arrest, he experienced racing thoughts, vivid dreams and lack
of sleep due to “noise” in his brain. While in
custody at Wyatt Detention Facility, he had monthly mental
health counseling sessions and took melatonin to aid in
sleeping. Documentation from Wyatt suggested a diagnosis of
“a mood disorder and possible bipolar disorder.”
PSR ¶ 91.
January 27, 2016, the Court held an all-day sentencing
hearing. The Government called David Albright, the president
of a nongovernmental organization that conducts research on
nuclear nonproliferation, to testify in support of a
terrorism enhancement and upward departure under Application
Note 2 to U.S.S.G. § 2M5.1 (evasion of export controls).
Albright worked in the field since 1981, wrote hundreds of
peer-reviewed articles and five books, and personally studied
Iran's nuclear program for over twenty years. His
organization conducted significant research on Iran's
nuclear program and was the first to identify the Natanz Fuel
Enrichment Plant as a gas centrifuge facility.
testified that Iran began to develop a program to create
weapons-grade uranium in 1985. It used gas centrifuges
located at Natanz and the Fordow Fuel Enrichment Plant to
conduct enrichment. Kalaye Electric Company operated the
Fordow plant and acquired equipment and materials overseas to
develop and design gas centrifuges. Fordow was used for
enrichment at least until it was discovered in September
2009, after Cheng made four shipments of pressure transducers
studied illegal procurement networks, Albright called
Cheng's role in the conspiracy “critical” and
the scheme “very sophisticated.” Dkt. No. 104 at
39:23-40:5, 44:22-45:6. Finally, he opined that Cheng's
conduct put the United States at a strategic disadvantage
during negotiations with Iran over its nuclear program: Cheng
was supplying Iran with tools to manufacture more centrifuges
just as the United States was trying to get Iran to agree to
reduce the number of centrifuges.
cross-examined Albright about his qualifications, the basis
of his opinions, and the timing of Iran nuclear program.
Albright admitted he was a mathematician and physicist by
education and his opinion relied only on publicly available
documents and statements from others. Weymouth emphasized
Albright's testimony that he could only say that the
weapons-grade enrichment at Fordow continued until 2009, and
he pointed out that, according to assessments of Iran's
nuclear program from 2009 to 2013, Iran had never made enough
weapon-grade uranium for even one nuclear weapon. Albright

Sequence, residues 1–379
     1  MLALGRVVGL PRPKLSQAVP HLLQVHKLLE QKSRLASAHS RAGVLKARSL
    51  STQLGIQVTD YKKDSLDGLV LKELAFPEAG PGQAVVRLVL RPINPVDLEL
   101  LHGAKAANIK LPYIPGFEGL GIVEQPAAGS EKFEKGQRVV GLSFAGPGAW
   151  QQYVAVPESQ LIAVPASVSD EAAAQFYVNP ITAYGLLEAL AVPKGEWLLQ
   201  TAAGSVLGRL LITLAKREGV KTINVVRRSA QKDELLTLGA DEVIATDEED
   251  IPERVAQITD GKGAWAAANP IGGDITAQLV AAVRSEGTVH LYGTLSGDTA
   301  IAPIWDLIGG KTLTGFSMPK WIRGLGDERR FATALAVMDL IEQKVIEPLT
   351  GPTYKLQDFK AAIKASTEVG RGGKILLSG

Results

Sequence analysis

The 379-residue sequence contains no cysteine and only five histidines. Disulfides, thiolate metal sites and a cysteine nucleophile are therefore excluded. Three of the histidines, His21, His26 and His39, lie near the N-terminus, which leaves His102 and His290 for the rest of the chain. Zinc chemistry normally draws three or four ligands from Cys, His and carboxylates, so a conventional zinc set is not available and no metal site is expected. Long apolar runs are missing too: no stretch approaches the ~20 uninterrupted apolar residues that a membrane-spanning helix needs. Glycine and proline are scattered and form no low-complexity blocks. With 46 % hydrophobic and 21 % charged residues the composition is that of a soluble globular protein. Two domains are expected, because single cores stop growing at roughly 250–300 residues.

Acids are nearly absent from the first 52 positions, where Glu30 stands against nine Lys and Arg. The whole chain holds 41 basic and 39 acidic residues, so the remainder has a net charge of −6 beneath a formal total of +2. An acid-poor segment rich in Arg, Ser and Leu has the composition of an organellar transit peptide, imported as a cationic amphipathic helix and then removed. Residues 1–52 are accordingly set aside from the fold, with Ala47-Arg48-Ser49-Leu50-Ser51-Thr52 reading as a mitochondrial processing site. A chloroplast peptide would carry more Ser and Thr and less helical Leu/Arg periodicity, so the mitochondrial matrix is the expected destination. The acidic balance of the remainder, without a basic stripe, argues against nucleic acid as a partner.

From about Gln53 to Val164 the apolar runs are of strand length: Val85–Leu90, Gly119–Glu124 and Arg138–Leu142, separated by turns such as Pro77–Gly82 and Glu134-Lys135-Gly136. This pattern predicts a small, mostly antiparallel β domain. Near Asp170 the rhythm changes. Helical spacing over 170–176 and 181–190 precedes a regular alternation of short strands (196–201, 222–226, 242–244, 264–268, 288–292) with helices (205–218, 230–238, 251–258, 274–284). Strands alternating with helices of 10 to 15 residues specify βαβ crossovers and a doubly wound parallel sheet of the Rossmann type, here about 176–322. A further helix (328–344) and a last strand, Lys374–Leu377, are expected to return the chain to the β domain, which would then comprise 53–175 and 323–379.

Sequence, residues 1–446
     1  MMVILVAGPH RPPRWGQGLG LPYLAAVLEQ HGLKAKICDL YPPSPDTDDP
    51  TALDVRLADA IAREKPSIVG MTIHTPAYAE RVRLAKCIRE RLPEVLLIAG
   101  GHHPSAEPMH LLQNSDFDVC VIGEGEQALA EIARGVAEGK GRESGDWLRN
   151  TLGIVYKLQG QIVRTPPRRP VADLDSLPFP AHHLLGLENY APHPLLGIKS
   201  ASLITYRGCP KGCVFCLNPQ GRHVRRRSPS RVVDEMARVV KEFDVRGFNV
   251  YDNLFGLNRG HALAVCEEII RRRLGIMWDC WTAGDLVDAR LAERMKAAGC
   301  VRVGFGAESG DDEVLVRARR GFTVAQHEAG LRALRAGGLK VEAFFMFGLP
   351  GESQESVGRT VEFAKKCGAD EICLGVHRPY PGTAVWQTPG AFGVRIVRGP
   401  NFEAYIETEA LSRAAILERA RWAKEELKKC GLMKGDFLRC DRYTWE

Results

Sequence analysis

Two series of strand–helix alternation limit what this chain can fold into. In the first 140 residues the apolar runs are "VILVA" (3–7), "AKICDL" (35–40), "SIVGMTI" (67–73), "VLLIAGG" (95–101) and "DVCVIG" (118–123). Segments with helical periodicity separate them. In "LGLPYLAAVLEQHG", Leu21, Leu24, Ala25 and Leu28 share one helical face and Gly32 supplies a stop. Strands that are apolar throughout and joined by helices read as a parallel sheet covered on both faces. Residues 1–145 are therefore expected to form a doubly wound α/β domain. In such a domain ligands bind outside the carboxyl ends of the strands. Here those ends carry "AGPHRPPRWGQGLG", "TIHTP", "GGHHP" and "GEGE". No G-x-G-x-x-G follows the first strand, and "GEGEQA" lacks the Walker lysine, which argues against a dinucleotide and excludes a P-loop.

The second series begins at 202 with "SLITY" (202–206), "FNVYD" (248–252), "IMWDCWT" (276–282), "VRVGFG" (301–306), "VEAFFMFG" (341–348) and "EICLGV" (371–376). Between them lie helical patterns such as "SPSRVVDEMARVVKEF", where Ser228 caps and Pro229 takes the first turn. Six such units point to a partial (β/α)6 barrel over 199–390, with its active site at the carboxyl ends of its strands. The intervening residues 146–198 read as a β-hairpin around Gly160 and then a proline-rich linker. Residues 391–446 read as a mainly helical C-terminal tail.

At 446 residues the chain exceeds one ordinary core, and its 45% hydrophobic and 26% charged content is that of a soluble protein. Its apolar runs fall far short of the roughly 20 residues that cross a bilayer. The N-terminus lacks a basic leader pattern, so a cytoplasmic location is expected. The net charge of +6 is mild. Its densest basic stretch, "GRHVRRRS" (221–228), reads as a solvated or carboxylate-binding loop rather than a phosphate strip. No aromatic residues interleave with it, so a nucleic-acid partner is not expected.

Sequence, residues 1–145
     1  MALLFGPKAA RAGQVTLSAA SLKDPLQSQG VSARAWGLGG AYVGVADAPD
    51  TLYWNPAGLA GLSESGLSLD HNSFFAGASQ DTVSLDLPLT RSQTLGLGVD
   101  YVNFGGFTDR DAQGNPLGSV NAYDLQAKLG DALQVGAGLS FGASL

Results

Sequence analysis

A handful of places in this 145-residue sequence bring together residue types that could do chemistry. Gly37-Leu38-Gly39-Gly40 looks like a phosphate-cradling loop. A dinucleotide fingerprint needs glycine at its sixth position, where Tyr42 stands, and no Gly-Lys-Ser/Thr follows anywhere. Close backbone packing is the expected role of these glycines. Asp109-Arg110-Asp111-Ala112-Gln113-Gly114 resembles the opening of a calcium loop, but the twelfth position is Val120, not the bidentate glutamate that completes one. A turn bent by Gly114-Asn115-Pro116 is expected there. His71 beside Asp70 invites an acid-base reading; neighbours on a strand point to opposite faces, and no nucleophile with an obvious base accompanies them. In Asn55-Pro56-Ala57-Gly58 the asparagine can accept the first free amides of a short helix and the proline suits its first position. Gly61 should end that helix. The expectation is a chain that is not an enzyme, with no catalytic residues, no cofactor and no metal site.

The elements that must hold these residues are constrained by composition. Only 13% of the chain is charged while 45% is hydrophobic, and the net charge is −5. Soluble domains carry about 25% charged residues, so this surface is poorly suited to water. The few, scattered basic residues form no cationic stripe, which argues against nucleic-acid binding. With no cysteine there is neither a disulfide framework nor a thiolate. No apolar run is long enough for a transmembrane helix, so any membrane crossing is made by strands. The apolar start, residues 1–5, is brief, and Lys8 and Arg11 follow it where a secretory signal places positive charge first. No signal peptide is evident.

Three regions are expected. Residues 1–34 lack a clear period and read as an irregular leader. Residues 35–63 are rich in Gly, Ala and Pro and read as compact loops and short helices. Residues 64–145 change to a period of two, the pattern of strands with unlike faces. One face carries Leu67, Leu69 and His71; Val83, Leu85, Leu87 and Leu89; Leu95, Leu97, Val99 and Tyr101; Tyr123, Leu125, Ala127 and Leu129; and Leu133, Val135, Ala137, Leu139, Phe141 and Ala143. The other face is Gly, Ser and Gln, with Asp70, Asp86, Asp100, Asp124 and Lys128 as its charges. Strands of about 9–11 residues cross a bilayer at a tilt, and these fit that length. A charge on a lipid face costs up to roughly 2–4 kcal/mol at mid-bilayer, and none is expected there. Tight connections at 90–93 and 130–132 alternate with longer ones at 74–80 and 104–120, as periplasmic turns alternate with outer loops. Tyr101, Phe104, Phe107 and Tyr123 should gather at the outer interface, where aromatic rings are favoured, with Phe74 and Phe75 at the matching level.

also admitted that pressure transducers have nonnuclear and
nonmilitary purposes. Weymouth did not put on an expert
witness to counter Albright's testimony, but he said he
had spent dozens of hours over four weeks preparing for the
Court next heard argument on calculation of the guidelines
range. The Government sought, and Weymouth opposed, a
four-level aggravating role adjustment as an organizer under
U.S.S.G. § 3B1.1(a), a terrorism enhancement under
U.S.S.G. § 3A1.4, and an upward departure under
Application Note 2 to U.S.S.G. § 2M5.1. Although
Weymouth sought a minor-role adjustment in his sentencing
memorandum, he conceded at the hearing that it did not apply.
The Court rejected the aggravating role adjustment and
terrorism enhancement, which the Government never properly
sought, but decided to upwardly depart by six levels under
Application Note 2 to U.S.S.G. § 2M5.1 because
Cheng's scheme posed a serious threat to national
security, involved a substantial volume of commerce and
number of occurrences, and was highly sophisticated. With the
upward departure, the Court found a total offense level of
29. Cheng had a criminal history category of I, so his
guidelines range was 87 to 108 months.
Court then heard argument on the appropriate sentence.
Requesting a term of imprisonment of fifteen years, the
Government emphasized the national security threat
Cheng's conduct posed to the United States, the
sophistication of the scheme, the quantity and number of
shipments of pressure transducers sent to Iran, and
Cheng's knowledge of its illegality. Weymouth argued for
a twenty-four-month sentence because other defendants in
similar cases received short sentences and Cheng did not
knowingly support Iran's nuclear weapons program, had no
exposure to the United States or its laws, executed his
scheme solely for personal gain, and did not need to be
Court asked about Cheng's Chinese mental health records.
Weymouth did not submit translations of the records, but
Cheng and an interpreter had translated them for him.